“Never in our national history has there been so dramatic acoincidence as this simultaneous transfer of power and the complete collapse of a system and of a philosophy.”
Resonant and relevant words at this moment.
Those words come from March 1933, as President Franklin Delano Roosevelt marked the end of an epoch, and The Nation editorializedthat his inaugural words “had something of the challenge, thesymbolism, and the simplicity of a trumpet blast.”
As Barack Obama was sworn in as America’s 44th president, weheard a new trumpet blast. The simple and powerful symbolism of the44th President’s inauguration reminded us, again, of what a stirringmilestone his election marks for America’s scarred racial landscape—and what a victory for the forces of decency, diversity and tolerance.
More than 2 million people gathered in Washington to celebrate–a seaof people peaceably, happily, roaring, sometimes in unison, to express theirhope and anticipation for a new era. It seemed as if towns and cities acrossthe country stood still for this moment–eager, almost desperate forObama to succeed.
And at just after high noon, Obama– the first Community-Organizer-in-Chief–took the oath of office, placing his hand on the Lincoln bible. The man who ran by crafting and mobilizing a new coalition of the young,African-Americans, Latinos, and the once- disenfranchised, summonedgenerations, new and old, to return “to a new era of responsibility.” Hespoke of service as “the price and promise of citizenship.” In somberwords, reminiscent of Roosevelt’s, Obama spoke of “homes lost, jobslost, factories shuttered” and the need not to lose confidence.
These are times that demand “bold and swift action” and he challenged those”who question the scale of our ambitions.” In decisive tones, Obamastamped government’s role with his own vision. It is not apost-ideological one as some argue, but rather one that understands isit only through effective use of government which will improve theactual, hard conditions of people’s lives will we able to restore trustin its larger purpose. As Obama said, it is “not whether it is too bigor too small, it is whether our government works.”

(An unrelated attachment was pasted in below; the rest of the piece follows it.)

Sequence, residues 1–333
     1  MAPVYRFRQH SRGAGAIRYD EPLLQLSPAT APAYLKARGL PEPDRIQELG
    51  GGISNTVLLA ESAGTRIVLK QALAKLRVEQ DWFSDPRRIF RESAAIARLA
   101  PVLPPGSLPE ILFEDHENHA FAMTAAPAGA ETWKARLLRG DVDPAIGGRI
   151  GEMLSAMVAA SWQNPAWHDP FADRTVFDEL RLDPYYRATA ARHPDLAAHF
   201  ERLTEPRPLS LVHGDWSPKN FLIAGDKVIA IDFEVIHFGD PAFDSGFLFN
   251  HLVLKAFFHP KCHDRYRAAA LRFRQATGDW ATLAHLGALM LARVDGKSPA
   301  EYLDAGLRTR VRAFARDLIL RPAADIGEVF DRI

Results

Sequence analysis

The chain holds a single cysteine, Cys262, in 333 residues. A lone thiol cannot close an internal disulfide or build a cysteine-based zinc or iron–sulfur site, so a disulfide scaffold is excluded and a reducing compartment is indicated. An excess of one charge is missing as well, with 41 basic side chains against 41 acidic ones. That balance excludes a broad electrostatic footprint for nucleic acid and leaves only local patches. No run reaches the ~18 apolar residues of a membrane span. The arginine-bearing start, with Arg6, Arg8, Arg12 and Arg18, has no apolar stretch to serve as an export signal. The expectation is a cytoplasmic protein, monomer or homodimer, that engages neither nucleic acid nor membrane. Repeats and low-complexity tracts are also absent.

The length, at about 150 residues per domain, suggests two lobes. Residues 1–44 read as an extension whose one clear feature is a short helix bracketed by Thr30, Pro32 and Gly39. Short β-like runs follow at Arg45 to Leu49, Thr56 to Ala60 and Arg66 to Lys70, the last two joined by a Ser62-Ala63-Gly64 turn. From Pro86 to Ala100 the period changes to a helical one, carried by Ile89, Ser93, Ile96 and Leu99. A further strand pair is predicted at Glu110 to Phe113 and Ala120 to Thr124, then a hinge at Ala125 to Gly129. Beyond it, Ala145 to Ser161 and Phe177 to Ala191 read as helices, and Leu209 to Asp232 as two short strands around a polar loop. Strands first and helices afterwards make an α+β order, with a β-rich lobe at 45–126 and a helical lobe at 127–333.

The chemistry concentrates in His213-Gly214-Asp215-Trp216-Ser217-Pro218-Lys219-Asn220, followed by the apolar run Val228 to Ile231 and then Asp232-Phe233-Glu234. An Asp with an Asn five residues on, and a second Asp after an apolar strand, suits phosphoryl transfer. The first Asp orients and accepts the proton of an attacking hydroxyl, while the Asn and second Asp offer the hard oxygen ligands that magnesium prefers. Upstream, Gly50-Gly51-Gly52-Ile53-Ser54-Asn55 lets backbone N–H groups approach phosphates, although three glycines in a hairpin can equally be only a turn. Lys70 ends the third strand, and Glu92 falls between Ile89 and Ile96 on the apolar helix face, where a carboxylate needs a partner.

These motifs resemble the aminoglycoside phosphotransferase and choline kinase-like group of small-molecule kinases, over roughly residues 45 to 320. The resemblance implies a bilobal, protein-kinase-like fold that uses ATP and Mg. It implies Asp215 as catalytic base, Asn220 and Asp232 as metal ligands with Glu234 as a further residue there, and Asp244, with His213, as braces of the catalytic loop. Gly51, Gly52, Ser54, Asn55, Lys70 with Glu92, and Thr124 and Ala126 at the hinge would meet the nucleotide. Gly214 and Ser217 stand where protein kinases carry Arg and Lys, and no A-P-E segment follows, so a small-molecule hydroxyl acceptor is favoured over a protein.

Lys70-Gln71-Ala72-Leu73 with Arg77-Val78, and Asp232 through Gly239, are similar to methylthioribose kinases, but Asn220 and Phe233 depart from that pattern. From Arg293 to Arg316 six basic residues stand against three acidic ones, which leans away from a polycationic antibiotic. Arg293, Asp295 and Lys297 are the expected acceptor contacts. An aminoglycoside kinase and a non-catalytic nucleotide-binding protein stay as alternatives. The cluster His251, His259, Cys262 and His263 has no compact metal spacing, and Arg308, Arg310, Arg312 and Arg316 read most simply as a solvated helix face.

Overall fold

In a muted indictment of the Bush/Cheney era (one whose lasting metaphormay be Vice-President Cheney departing power in a wheelchair), Obamareached out to a world eager to reengage an America committed to therule of law. “My message to the grandest capitals and to the smallestvillages, we are friends to those who seek a future of peace anddignity.” He spoke of how “our power grows in prudent use, and from theforce of our example. ”
And with a tone of humility absent for these last eight years, Obama spoke of withdrawing troops from Iraq, “forging a hard earned peace in Afghanistan, and lessening the nuclear threat.” Most powerfully, Obama stated we “must usher in a new era of peace.”
Obama’s speech summoned all Americans, as President Lincoln did inhis first inaugural, to heed “the better angels of our nature.” And as he did at Sunday’sconcert, Obama spoke eloquently about the value of creating a community of respect, defined by qualities of “courage, fair play, curiosity and tolerance.”
And in summoning generations to engage in a new era of responsibility, Obama wisely never lost sight of government’s role and responsibilities. And always imbuing this moment, one defined by hope and fear in roughly equal measure, was Obama’s unerring sense of confidence, possibility, even joy. Those are qualities allow people to think they are part of ” a nation greater than themselves.”
And in very personal words, Obama remembered the struggles of those whofought so he could stand where he did this afternoon.It is “why a manwho might not have been served in a local restaurant 60 years ago canstand before you today to take this oath…How far we have traveled.”
Ending with George Washington’s words, issued at a difficult time inour country’s history, Obama appealed to the qualities of hope andvirtue that have allowed our nation to survive and endure. It is thatendurance–of leaders and ordinary people–that allowed millions towitness the peaceful transfer of power to our first African AmericanPresident.
Inaugural speeches, at their best, set the tone and offer we, thepeople, a challenge. It is now we, the people, who mustact–organizing,mobilizing to counter the forces of money andestablishment power which remain obstacles to meaningful reform. Let usbe the wind at the new President’s back, to ensure that together we complete the unfinished work of making America a more perfect union.
We can, yes.